Andrew Wiggins has been in Philadelphia for the last three days, meeting with the 76ers.
We know this because he has been seen walking to and from a black SUV to the team’s practice facility at the Philadelphia College of Osteopathic Medicine, so he is either working out for the team with the No. 3 pick in next week’s NBA draft or he has decided to leave basketball to pursue classes in the medical field.
This is pretty much all we know, however, because the Sixers under general manager Sam Hinkie continue to employ a draconian media relations policy. It’s not the Sixers’ refusal to make players who come in for workouts available to reporters, as they have since Hinkie arrived last year, that is absurd. It’s the measures the organization is willing to employ to enforce it.
The last couple of days have gone something like this, according to people who were there: Hearing that Wiggins would be in town, beat writers showed up at PCOM on Monday hoping the team might make an exception for the highest-profile prospect to be on the Sixers’ radar during Hinkie’s tenure. Not only were the reporters denied access to Wiggins, they were effectively quarantined in a parking garage, then across the street, after they were informed by security that the public sidewalk outside the facility was off limits.
A day later, a team representative apologized to reporters, offering them doughnuts and water as a peace offering. Yet Wiggins still would not be made available to the media. After his workout, he was whisked away in the black SUV once again.
To all this, there is really only one thing to say to the Sixers: Grow up.
Listen, this is not about a few sportswriters whining about being left out on the street, literally. The plight of a few beat reporters doesn’t amount to a hill of beans in this crazy world. But that’s entirely the point.
More than a dozen people were killed in Nigeria on Tuesday by a suicide bomber at a World Cup watch party. Iraq is devolving into greater unrest as ISIS militants gains ground. One of the greatest gentlemen in sports, Tony Gwynn, died Monday of cancer of the salivary glands. He was 54 years old. These are real-life things.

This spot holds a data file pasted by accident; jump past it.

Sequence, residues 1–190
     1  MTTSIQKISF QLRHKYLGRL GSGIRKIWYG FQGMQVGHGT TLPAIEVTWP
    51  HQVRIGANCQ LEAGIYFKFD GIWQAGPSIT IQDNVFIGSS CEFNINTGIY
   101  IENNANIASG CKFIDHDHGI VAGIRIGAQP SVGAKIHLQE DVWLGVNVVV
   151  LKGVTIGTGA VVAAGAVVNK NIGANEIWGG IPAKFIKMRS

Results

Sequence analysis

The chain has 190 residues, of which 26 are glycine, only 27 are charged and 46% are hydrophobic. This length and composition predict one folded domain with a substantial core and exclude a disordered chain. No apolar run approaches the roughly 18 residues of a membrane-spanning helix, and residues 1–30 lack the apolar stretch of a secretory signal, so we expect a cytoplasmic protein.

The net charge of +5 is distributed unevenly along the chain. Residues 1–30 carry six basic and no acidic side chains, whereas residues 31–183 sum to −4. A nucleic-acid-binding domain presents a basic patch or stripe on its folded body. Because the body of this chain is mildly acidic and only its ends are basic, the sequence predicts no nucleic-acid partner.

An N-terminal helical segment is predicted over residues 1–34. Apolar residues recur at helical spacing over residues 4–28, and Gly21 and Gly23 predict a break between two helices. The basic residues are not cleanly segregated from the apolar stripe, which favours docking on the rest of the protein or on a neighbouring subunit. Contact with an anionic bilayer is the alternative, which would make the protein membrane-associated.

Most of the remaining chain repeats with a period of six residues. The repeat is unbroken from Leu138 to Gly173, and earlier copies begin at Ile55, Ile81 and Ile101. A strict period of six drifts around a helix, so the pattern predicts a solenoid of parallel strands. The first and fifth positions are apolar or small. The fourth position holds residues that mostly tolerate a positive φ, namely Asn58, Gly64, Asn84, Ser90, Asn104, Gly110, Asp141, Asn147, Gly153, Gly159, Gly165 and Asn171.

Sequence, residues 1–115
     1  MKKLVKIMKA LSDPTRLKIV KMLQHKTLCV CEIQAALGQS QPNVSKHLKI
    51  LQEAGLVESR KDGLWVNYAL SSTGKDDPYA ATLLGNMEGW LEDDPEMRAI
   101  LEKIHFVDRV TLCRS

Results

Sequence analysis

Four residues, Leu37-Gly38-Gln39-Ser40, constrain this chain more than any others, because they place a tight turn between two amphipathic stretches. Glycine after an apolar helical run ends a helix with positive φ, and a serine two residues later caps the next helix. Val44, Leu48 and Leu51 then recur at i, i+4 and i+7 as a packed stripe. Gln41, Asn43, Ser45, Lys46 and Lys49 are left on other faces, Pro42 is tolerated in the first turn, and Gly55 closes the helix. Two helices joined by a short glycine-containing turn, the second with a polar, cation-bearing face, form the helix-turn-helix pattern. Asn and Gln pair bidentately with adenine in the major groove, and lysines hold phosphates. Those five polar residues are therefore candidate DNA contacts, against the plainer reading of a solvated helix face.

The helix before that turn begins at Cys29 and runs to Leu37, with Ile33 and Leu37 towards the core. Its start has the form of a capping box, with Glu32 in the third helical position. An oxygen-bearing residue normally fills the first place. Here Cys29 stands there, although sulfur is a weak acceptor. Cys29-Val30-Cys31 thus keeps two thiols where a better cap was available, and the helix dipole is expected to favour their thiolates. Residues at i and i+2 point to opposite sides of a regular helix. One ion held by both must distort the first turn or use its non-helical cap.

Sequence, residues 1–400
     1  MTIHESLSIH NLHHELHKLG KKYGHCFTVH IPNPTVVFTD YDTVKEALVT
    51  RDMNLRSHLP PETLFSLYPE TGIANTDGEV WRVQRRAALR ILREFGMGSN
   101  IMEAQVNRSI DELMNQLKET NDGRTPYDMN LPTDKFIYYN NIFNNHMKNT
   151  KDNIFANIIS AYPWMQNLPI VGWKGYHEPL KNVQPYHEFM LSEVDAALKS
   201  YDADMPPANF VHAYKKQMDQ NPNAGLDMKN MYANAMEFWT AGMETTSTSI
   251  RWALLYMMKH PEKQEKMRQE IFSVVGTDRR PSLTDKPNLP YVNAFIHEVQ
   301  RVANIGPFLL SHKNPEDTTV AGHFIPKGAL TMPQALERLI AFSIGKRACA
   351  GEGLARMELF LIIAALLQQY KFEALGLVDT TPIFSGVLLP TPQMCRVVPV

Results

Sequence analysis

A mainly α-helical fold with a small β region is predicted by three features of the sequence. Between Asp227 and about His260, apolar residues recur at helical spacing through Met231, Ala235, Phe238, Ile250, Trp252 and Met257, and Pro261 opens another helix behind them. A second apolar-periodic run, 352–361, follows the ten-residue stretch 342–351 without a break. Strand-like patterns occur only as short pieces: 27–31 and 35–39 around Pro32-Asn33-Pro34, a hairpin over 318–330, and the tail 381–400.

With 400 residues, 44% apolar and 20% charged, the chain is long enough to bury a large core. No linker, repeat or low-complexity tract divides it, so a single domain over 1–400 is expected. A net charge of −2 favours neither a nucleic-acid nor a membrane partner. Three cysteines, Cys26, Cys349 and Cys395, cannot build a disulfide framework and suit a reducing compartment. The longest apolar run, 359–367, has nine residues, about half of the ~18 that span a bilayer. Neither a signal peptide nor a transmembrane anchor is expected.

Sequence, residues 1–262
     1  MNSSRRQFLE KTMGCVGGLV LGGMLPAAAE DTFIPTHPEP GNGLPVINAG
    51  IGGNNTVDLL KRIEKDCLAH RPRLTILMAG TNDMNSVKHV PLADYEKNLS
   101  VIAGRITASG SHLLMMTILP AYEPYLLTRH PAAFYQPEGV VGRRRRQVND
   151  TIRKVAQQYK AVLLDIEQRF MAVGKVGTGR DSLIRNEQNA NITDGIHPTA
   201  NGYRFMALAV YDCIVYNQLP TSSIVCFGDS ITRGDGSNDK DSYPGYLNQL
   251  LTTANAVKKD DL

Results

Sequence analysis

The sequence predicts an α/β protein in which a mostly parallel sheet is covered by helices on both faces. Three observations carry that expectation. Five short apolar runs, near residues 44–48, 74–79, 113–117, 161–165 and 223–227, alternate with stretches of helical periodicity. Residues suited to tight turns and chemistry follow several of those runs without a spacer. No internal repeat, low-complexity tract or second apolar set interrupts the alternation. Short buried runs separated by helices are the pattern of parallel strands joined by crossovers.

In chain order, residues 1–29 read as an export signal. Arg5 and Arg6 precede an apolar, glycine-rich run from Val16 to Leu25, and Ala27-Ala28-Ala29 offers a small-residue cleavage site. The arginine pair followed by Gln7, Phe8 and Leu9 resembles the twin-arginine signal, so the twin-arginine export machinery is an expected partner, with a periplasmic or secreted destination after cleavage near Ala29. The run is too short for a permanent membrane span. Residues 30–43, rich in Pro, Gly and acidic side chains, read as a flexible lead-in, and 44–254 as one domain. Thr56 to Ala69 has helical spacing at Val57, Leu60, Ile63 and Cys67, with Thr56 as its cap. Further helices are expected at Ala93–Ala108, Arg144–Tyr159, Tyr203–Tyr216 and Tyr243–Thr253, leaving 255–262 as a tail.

When you are involved with professional sports, either covering it or running an organization, it can be easy to forget that it is only sports. It is only a business. No one’s life is at stake, and treating something as harmless as a draft workout as though it were a state secret shows an alarming lack of perspective. San Antonio Spurs coach Gregg Popovich came closer to working for the CIA than anyone in the NBA, and he loves to laugh off people that take the sport too seriously. Most reporters, coaches, executives and owners manage to perform their roles with the dedicated yet detached understanding that while what they do matters, it doesn’t matter to the degree of a lot of other things.
Since his arrival, Hinkie has made silence a habit. He was mostly mum throughout last season, when the Sixers went 19-63. While Boston Celtics president of basketball operations Danny Ainge honestly explained the pain necessary to rebuild his team, paying fans in Philly were told to rest on faith. Most of the time, first-year head coach Brett Brown was left to answer the uncomfortable questions.
Secrecy in sports is nothing new. The entire NFL have become a parody of itself with many of its clandestine methods. Perhaps Hinkie’s approach eventually will yield a winning team; he is off to a pretty good start in compiling draft picks and young players while shedding more expensive veterans.
But regardless of whether the Sixers’ policies work, they reveal a lot to dislike about the organization. So, Sixers, you saved Wiggins from answering a few banal questions about how his workout went — spoiler alert: “Good” — and got to strong-arm some underpaid sportswriters in the process? Good for you. Hopefully, this ends up being the greatest crisis you ever encounter in your life, since your actions thus far suggest that it is.